When a big Swiss company eliminated the CEO position, its shares soared

Time for a change?
Time for a change?
Image: Reuters/Denis Balibouse
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What do CEOs do, really? This is about to become clear at Richemont, a Swiss luxury goods group that owns jewelry, watches, and clothing brands like Cartier, Chloé, and Montblanc. How so? The company announced today that when its CEO, Richard Lepeu, retires in March next year, he won’t be replaced.

The markets loved it. Or, at least, that’s one way to interpret the sharp spike in the company’s shares, given that it also announced a 43% plunge in its six-month profit, not normally a cause for celebration.

Instead of a group-level CEO, the heads of Richemont’s individual brands—internally called “maisons”—will report directly to the board of directors. The idea, the company says, is to streamline decision-making and allow the maisons to respond to ”dynamic” markets more quickly, specifically “the developing field of digital marketing and e-commerce,” the group said in a statement. (In 2010, the staid Swiss group bought a stake in online retailer YOOX Net-A-Porter.)

As for going without a CEO, chairman Johann Rupert said that “one individual cannot be held responsible, it’s unfair.” Richemont runs nearly 20 separate maisons, and the group generated revenue of around $12 billion in its latest fiscal year. That’s big, but not nearly as big as other multinationals that give their CEOs great power (and paychecks) to steer company strategy.

Judging the worth of a CEO is a fraught task, given how hard it is to measure one person’s impact on a sprawling global corporation. That said, one recent study found that listed-company CEOs, eager to boost the value of their stock options, have become more aggressive—and thus more influential—over a company’s direction. If Richemont’s removal of a (very important) management layer pays dividends, it will be noteworthy—it’s not full holacracy (letting employees make all of their own decisions), but it’s an interesting experiment in corporate governance.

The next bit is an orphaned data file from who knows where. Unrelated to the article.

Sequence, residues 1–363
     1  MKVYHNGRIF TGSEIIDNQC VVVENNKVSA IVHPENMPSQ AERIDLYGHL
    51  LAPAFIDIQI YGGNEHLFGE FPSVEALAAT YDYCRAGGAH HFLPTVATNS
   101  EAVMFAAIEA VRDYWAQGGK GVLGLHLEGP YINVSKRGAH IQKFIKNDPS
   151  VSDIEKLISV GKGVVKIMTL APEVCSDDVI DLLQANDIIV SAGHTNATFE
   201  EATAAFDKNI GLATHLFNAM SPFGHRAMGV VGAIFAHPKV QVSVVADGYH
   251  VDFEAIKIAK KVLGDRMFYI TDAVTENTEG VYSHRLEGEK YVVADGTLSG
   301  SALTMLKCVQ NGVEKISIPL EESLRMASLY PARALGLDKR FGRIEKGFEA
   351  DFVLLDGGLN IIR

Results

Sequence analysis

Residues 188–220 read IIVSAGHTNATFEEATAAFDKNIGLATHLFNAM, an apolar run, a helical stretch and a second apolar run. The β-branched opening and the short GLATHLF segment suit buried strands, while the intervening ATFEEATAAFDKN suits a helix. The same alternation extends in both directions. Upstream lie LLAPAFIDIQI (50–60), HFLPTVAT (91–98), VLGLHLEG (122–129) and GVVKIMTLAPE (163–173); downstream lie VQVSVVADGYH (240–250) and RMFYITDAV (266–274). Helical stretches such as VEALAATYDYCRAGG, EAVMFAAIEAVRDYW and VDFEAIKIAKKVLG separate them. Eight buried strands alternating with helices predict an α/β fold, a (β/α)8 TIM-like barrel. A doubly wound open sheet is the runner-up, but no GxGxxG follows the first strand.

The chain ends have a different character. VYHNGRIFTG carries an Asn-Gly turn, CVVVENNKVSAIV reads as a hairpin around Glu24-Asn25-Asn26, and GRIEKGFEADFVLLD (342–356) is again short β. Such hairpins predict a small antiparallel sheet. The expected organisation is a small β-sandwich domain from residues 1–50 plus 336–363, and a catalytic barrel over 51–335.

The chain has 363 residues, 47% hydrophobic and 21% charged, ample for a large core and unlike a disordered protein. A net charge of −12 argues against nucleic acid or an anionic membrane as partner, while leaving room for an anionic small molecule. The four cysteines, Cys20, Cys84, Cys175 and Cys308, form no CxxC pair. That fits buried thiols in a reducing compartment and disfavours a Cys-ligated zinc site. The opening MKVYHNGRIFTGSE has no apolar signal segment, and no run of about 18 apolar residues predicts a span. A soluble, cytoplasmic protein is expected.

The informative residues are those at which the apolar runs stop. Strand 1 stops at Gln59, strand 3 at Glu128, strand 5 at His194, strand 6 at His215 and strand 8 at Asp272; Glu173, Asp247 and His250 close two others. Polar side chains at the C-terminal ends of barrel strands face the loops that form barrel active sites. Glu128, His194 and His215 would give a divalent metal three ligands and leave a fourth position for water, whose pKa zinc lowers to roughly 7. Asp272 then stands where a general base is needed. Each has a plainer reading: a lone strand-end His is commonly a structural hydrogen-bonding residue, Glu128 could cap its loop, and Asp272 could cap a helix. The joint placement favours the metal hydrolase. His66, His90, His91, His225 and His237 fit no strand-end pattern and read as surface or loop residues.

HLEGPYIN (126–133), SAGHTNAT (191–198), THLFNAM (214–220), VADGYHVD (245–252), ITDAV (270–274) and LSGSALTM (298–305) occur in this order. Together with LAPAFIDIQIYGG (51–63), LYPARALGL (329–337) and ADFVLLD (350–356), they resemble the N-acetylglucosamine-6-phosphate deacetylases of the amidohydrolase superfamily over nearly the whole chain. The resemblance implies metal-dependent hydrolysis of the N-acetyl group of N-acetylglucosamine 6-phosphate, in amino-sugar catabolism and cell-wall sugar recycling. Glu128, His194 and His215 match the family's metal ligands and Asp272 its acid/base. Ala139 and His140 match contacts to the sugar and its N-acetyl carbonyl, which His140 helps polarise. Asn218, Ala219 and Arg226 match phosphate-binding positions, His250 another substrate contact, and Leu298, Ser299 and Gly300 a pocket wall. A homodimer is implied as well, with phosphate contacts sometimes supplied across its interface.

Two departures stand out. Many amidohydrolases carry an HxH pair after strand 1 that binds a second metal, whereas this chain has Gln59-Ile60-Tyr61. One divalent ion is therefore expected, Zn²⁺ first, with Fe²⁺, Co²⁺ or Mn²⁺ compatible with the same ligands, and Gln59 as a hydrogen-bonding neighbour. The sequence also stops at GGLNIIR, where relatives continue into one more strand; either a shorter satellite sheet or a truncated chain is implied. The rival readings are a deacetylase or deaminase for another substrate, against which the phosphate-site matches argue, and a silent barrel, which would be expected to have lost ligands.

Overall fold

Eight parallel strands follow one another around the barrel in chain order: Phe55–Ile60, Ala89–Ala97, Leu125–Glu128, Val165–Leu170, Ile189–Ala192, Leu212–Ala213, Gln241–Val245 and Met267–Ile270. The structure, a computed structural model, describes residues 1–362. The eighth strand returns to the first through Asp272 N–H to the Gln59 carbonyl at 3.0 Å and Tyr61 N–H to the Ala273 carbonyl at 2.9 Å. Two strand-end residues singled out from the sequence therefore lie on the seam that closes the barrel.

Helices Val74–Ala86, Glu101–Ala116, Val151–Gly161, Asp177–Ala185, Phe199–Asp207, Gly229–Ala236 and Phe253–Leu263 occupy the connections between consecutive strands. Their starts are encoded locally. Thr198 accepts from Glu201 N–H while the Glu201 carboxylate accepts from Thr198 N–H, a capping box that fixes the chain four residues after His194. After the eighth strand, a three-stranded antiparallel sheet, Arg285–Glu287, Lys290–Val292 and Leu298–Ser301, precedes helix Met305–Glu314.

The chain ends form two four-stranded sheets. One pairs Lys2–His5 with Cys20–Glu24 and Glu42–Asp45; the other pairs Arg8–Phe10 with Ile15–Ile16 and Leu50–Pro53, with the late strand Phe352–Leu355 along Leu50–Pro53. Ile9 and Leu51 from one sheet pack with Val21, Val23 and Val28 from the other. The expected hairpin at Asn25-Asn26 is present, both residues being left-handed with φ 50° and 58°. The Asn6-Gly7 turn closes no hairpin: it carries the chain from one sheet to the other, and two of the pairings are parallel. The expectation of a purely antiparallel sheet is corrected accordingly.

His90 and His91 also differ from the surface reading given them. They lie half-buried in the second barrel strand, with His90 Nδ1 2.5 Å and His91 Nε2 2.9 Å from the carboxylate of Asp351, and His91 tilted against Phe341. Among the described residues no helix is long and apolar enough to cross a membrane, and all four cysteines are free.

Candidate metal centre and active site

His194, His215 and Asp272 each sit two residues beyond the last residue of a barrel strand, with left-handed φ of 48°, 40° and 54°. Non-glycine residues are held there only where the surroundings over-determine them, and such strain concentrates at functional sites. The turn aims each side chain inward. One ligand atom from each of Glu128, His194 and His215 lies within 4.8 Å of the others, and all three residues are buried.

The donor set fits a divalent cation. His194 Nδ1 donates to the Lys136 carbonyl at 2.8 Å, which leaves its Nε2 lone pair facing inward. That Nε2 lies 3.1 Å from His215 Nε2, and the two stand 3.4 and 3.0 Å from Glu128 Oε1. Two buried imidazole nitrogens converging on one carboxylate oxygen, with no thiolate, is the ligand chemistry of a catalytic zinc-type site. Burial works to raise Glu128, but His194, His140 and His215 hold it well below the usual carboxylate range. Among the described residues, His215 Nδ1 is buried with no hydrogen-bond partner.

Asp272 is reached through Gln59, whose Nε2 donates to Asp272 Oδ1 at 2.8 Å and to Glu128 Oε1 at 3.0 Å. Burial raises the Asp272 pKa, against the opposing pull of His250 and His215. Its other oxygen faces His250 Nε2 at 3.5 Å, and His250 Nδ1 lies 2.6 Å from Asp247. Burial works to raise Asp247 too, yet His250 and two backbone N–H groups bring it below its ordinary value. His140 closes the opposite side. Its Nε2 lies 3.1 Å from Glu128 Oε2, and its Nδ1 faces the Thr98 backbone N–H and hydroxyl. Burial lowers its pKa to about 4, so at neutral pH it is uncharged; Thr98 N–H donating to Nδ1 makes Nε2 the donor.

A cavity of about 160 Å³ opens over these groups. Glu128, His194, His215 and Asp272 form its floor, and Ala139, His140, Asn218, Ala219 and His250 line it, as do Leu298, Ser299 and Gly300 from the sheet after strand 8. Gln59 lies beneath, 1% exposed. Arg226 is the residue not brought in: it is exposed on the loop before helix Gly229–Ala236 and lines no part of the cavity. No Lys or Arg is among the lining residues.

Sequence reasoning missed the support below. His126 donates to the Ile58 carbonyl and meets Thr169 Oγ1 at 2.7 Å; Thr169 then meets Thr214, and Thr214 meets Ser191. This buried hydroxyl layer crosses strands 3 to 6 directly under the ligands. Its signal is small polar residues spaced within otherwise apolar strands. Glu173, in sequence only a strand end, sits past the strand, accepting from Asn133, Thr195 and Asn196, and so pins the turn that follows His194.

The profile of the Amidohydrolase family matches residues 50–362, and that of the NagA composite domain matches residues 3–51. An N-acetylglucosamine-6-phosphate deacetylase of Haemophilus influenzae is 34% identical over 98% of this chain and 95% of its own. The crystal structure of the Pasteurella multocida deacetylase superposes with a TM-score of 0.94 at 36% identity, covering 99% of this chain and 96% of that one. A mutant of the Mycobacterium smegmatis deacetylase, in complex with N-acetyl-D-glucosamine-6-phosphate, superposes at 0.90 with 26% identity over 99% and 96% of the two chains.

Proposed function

The conglomerate is not as flush as it once was, like many luxury firms. The global luxury market saw just 1% growth in inflation-adjusted terms last year, weighed down by decreased tourism across Europe (in part based on fears of terrorism), instability in the Middle East, and a downturn in China, according to Bain & Company. Things aren’t looking up any time soon, the consultancy says.

Can a leaderless company cope? Interestingly, Richemont’s CFO Gary Saage is also retiring next year, but he will be replaced (and will no doubt  be very busy).